The majority of pension providers and managers are failing to inform savers about 'hidden charges' which typically wipe £100,000 off pension savings, a think tank has said.
A year long study, Seeing through the British Pension System, from the RSA has found workers in the UK are routinely denied simple and low-cost pensions available to people across Europe.
The Telegraph reports pensions minister Steve Webb said government is willing to step in unless fees are lowered and become more transparent.
Labour leader Ed Miliband weighed into the pension fee debate last week, when he suggested a cap should be introduced.
The RSA report found that 21 of the 23 pension providers surveyed failed to inform people about the charges, other than the annual management charge.
It said audit and custodial costs, and other hidden costs including taxes, stock lending fees and broking commissions were not communicated to members.
Author and fund manager David Pitt Watson said the scale of hidden levies was "extraordinary" and charges accounted for up to 40% of typical retirement savings.
“For markets to work effectively, consumers need to know what they are buying,” he said. “It is extraordinary that, after so many years, such a system is not in place in this country. It is vital that people have access to straightforward, accurate, high-quality information.”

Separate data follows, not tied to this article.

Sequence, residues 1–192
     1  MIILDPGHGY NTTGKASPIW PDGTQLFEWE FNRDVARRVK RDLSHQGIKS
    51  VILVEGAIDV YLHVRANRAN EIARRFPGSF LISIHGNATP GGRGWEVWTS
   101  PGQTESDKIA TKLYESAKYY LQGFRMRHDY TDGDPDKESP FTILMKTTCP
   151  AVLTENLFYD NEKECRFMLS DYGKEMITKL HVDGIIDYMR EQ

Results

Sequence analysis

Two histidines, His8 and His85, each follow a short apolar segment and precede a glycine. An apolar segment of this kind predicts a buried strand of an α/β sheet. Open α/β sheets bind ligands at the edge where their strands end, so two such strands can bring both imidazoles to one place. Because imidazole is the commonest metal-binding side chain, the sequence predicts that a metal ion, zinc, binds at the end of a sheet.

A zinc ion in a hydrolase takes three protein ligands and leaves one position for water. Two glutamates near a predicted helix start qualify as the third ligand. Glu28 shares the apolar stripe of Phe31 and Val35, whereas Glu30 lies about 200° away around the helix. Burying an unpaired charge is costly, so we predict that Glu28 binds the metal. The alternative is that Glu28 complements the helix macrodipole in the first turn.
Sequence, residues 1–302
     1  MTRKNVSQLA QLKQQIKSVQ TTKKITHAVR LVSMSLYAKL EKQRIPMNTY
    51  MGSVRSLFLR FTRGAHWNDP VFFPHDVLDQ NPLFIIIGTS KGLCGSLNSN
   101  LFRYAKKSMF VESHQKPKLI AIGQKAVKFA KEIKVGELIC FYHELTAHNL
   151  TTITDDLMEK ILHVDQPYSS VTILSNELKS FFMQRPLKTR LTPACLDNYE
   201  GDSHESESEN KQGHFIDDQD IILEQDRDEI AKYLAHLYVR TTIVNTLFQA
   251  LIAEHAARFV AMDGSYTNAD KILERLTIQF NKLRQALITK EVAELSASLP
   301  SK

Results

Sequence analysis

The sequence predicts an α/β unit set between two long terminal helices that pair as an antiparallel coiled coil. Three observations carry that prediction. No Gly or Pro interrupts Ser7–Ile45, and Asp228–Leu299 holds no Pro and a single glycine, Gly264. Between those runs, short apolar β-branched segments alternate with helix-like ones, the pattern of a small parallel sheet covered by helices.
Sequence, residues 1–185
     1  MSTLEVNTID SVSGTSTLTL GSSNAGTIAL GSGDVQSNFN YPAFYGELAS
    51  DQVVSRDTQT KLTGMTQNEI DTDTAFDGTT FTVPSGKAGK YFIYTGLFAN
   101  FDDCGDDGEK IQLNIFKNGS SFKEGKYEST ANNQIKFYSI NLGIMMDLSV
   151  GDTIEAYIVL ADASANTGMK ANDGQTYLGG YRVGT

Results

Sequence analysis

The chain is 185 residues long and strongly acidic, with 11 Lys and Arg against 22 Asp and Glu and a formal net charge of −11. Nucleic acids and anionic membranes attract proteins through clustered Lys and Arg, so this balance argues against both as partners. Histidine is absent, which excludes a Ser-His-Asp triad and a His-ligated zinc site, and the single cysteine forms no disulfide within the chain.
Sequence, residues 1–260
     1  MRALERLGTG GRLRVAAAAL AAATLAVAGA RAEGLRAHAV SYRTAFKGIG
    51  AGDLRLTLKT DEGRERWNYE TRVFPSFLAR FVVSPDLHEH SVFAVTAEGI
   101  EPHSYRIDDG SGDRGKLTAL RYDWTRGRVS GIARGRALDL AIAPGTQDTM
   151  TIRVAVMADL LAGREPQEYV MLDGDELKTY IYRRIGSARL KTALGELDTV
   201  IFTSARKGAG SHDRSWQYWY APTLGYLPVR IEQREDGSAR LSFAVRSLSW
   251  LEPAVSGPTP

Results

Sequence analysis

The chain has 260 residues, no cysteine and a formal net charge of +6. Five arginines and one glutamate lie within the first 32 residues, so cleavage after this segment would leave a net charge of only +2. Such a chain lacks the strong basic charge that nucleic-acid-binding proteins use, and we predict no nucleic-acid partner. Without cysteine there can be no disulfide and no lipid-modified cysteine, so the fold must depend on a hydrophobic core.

The report comes ahead of the government's introduction of auto-enrolment where millions of qualifying workers will be enrolled into work place schemes for the first time.
The report found that in Denmark, a full clear statement is provided to pension holders. It concludes that the same could, and indeed must be made available in Britain if the pension market is to work effectively.
The report also warned that small businesses have little idea about which providers represent good value for money and that there is a huge danger that they will be sold expensive and inappropriate products when auto-enrolment laws come into force.
The RSA noted that the Department for Work and Pensions (DWP) has inadvertently allowed the removal of consumer protections that presently cover workplace pensions – without which there is a real danger of these otherwise admirable reforms resulting in a mis-selling scandal.
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